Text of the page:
mwh wrote:Thanks for the comeback daivid. I think you realize that “completed action” is inadequate for the idea of “aorist.” (The perfect is completed action too, after all.)
the present perfect in English:
I have chopped up the old tree. (aorist) result: the tree no longer exists but there is a pile of firewood in its place.
I have chopped wood every day this week (habitual) result: you owe me a weeks pay
I have been chopping wood all morning. (continuous) result: I am exhausted.
So in English the perfect is not always about completed action and it does not always have aorist aspect.
In all the Greek examples I have seen the Greek perfect describes a completed action but I haven't read enough Greek to be sure it always does. If you tell me that in Greek the perfect always has completed aspect than I will have learnt something new.
I never intended to say that the aorist was the only tense that has aorist aspect.
Maybe it would be clearer if I used the terms imperfective and perfective instead of imperfect and aorist?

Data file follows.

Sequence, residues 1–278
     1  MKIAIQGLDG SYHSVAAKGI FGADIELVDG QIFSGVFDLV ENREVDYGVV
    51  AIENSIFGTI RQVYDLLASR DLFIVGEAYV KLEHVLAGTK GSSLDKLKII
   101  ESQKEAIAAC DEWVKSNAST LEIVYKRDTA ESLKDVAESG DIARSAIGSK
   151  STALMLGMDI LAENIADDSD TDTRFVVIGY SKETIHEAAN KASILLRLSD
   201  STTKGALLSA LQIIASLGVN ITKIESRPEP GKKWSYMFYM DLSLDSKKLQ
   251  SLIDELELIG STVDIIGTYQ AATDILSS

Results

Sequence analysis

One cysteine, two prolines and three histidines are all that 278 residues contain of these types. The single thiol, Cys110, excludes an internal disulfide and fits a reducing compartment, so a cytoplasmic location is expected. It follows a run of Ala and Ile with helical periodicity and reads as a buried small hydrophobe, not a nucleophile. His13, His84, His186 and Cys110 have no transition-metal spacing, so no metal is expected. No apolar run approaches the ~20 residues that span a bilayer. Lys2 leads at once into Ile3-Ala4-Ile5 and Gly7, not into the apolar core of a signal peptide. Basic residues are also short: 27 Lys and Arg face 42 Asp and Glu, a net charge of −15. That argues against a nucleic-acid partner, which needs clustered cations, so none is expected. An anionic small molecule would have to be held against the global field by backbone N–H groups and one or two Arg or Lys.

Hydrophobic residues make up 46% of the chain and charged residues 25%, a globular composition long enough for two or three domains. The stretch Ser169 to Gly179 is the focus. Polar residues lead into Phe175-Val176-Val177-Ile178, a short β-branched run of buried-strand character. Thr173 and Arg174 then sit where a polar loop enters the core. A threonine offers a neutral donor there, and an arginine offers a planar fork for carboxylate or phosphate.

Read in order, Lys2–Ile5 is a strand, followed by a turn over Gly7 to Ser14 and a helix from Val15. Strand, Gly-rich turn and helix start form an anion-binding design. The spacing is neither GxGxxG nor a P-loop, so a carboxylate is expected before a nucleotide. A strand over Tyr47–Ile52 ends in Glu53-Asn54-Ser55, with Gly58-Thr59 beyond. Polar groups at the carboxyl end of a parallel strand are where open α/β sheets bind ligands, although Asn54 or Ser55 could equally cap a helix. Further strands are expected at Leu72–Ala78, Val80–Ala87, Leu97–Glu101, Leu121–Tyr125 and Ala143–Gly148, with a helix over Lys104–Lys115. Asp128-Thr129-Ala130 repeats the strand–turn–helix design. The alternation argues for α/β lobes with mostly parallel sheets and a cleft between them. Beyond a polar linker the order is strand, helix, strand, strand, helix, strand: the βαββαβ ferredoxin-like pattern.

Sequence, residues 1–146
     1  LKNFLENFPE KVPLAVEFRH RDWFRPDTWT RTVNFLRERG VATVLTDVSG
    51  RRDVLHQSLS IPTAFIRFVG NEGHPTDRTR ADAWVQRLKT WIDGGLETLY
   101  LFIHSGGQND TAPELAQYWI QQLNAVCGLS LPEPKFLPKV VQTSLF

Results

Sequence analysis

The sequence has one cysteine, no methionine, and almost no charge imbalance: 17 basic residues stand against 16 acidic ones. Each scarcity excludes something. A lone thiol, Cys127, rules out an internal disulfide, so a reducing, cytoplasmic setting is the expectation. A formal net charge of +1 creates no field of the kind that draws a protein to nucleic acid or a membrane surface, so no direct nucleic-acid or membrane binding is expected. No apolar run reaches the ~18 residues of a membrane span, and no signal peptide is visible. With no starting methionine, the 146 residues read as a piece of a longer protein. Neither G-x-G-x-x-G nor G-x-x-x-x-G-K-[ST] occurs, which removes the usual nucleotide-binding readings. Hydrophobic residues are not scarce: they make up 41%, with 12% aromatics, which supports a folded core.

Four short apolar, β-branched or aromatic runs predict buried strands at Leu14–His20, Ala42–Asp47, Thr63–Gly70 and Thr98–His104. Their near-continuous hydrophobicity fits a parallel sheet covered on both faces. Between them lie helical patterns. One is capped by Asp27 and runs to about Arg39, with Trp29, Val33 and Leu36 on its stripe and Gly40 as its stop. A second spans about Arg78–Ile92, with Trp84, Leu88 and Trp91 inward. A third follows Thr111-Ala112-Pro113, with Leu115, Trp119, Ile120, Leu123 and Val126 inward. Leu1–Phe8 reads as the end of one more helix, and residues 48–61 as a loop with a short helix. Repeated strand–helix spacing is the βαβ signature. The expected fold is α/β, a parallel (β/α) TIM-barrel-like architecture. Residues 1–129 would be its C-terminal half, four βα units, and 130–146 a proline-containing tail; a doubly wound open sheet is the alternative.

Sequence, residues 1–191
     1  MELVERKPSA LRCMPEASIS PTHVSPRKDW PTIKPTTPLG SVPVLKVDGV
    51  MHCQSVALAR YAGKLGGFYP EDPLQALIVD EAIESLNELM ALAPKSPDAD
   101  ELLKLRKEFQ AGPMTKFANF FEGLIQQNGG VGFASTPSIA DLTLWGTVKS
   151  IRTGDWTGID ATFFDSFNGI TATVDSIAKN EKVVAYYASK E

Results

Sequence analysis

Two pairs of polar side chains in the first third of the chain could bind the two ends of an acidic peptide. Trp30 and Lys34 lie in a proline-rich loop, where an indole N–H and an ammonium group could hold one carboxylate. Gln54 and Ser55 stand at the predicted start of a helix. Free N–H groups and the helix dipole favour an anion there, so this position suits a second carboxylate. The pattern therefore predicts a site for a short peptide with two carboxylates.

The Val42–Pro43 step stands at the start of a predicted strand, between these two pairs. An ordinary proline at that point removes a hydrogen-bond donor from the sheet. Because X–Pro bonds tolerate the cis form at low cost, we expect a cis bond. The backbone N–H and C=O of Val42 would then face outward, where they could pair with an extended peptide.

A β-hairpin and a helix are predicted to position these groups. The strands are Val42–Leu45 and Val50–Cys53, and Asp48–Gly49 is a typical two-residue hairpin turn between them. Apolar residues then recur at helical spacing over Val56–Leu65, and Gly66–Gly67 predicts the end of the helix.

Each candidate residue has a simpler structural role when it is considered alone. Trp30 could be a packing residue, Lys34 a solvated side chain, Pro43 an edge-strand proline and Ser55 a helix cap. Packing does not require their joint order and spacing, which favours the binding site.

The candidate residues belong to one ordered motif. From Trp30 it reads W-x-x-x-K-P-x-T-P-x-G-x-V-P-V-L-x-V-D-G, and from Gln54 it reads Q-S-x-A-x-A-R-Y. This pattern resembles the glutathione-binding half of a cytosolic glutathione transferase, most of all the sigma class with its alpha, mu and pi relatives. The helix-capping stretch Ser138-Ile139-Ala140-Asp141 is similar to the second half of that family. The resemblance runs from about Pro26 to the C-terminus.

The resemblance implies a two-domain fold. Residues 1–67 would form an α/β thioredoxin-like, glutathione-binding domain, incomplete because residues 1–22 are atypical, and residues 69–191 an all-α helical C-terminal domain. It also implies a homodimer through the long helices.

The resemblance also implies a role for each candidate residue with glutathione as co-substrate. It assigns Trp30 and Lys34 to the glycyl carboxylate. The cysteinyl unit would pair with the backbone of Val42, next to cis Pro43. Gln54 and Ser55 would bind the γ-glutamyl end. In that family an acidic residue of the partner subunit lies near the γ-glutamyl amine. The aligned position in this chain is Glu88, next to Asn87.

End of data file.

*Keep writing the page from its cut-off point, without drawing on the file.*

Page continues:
In Greek the aorist has perfective aspect.
The present has imperfective aspect.
The imperfect has imperfective aspect.
mwh wrote:And few newcomers to Greek would welcome a proper explanation of “aspect.” (That could occupy an entire linguistics course.) If you don’t like “It’s one o’clock,” try “Today is Thursday.” But I don't see a beginner having much trouble with the present indicative. Present infinitive is another matter. (Actually it's not, but to a beginner it will seem to be.)
I seems I misunderstood your point. “It’s one o’clock,” was a good example that forced me to think.
“Today is Thursday.” is for me easy to give an answer to. This time period has duration. Hence the point in time that is the now can exist and move forward in the uncompleted way that is the essence of the present. It is clearly imperfective.
It to me illustrates how the present is always imperfective and can never be perfective.
This all makes me think I have misunderstood the point you intended.
mwh wrote:I’m still not clear just what differences you think textbooks try to paper over.
Textbook writers have to make choices. It’s always possible to find fault with any textbook. But little use in griping, and still less if the gripe is ill-founded.
Some textbooks claim the English simple past is an aorist. This is false.
Of course textbooks can't tell the student everything but they shouldn't say something that is untrue.
But this is a symptom of how they focus on teaching on how to translate rather than how to understand because the simple past may not be the equivalent of the aorist but it is often a good translation of the aorist.